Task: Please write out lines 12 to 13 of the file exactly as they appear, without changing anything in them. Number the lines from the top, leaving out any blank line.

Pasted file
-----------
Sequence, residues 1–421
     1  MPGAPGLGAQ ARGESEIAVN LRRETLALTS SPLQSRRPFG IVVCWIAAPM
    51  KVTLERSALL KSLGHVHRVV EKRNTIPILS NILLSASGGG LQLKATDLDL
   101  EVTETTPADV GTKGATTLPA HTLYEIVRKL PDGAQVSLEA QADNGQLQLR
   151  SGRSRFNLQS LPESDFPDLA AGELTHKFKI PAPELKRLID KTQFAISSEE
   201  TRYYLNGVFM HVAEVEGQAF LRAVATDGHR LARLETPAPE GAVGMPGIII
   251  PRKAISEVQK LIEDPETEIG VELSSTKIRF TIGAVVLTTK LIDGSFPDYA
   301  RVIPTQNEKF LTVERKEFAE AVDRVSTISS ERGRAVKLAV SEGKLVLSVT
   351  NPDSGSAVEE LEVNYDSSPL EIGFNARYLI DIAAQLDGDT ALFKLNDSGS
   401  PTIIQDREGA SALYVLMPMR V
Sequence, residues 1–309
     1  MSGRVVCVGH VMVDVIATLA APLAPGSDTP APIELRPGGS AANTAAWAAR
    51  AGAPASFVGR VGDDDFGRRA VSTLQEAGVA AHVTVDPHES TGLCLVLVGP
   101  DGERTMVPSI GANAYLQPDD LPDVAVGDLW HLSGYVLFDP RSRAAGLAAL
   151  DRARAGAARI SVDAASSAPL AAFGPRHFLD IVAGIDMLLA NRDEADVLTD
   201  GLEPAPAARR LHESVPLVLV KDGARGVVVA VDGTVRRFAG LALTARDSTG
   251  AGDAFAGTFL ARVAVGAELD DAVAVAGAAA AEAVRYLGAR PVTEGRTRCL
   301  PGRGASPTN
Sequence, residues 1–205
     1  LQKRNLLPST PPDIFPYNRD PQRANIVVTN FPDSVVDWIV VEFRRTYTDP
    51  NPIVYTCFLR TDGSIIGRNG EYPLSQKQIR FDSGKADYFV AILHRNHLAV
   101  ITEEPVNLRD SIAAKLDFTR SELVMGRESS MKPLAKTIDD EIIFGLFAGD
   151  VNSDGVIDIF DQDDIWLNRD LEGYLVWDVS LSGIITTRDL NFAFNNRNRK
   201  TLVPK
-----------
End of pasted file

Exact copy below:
     1  MSGRVVCVGH VMVDVIATLA APLAPGSDTP APIELRPGGS AANTAAWAAR
    51  AGAPASFVGR VGDDDFGRRA VSTLQEAGVA AHVTVDPHES TGLCLVLVGP